What does WIPP have to do with the Advanced Accelerator Applications Program?


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Click here to see the Advanced Accelerator Applications Web Site at LANL
Go to the AAA Home Page

Authorized by Congress in 2001, the national  Advanced Accelerator Applications (AAA) program was created by DOE to address pressing nuclear issues facing the United States:
  • nuclear energy and waste management concerns
  • declining US nuclear infrastructure
  • global nuclear leadership
The AAA program is focused on three primary missions:

WIPP's Land Withdrawal Act (LWA) gives the Secretary of Enegy authority to use the WIPP land area for beneficial uses other than waste disposal.

While the prime mission of WIPP is to dispose of transuranic waste from the legacy of nuclear weapons production during the cold war, DOE will responsibly use the WIPP site for other purposes, as provided by the authority given in the Land Withdrawal Act of 1992 (P.L. 102-579).
  • Evaluate the technical feasibility and economic cost of using a particle accelerator to transmute the long-lived radioactive materials in spent nuclear fuel and simultaneously produce more energy in the process than consumed by the accelerator

ADTF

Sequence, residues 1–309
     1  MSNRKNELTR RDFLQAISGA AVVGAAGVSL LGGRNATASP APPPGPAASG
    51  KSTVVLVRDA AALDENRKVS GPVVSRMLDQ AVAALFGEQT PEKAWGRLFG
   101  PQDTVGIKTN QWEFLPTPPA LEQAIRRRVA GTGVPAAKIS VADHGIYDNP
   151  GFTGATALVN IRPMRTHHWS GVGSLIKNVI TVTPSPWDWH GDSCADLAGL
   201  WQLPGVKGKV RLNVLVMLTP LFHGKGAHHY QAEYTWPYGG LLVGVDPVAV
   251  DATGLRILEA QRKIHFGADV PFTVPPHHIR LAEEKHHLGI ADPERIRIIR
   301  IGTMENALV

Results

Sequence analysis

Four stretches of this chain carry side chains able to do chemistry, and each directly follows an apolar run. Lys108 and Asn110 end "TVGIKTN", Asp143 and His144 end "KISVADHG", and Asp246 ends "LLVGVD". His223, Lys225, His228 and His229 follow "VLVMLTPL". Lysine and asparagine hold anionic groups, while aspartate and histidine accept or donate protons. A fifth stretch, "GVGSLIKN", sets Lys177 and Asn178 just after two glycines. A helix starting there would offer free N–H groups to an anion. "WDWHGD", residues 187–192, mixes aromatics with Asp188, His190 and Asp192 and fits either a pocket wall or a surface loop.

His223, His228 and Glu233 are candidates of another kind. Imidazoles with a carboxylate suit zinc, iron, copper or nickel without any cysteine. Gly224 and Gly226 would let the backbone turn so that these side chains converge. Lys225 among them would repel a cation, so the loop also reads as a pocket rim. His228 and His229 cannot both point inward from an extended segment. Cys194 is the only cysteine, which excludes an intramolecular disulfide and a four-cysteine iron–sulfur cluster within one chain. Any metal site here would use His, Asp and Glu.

All three elements will be incorporated into a single prototype facility to be built in the next few years.   The Accelerator Driven Test Facility (ADTF) may be constructed on the same surface land withdrawn for DOE's WIPP Project.  Selection of the final location of ADTF will be based on a Programmatic Environmental Impact Statement recently initiated by DOE headquarters in 2002.

Click to see proposed siting of ADTF near the WIPP site

  • Evaluate the most effective way to use a particle accelerator to produce tritium for future nuclear weapons as a back-up to using a commercial nuclear power plant for the same purpose.
  • Begin the process of re-developing the US capability of manufacturing certain pharmaceutical radioisotopes for use in diagnostic and therapeutic medical applications

Learn how Accelerator Transmutation of Waste (ATW) may help solve the issue of safe and permanent disposal of spent nuclear fuel.  In 1998, Congress requested that DOE prepare a report to describe how it would develop the technology to transmute spent nuclear fuel using an accelerator.  DOE's report to Congress can be read here (3.4MB pdf)....

Roadmap for Developing ATW Technology
 1999

Learn about DOE's proposed ten-year phased program to design, construct and test an accelerator-based prototype facility to advance the three primary missions outlined for AAA above.  In 2000, Congress requested that DOE update the 1999 ATW report, and  include other accelerator applications.  DOE's 2001 report to Congress can be read here (128KB pdf).....

Advanced Accelerator Applications Program Plan
2001


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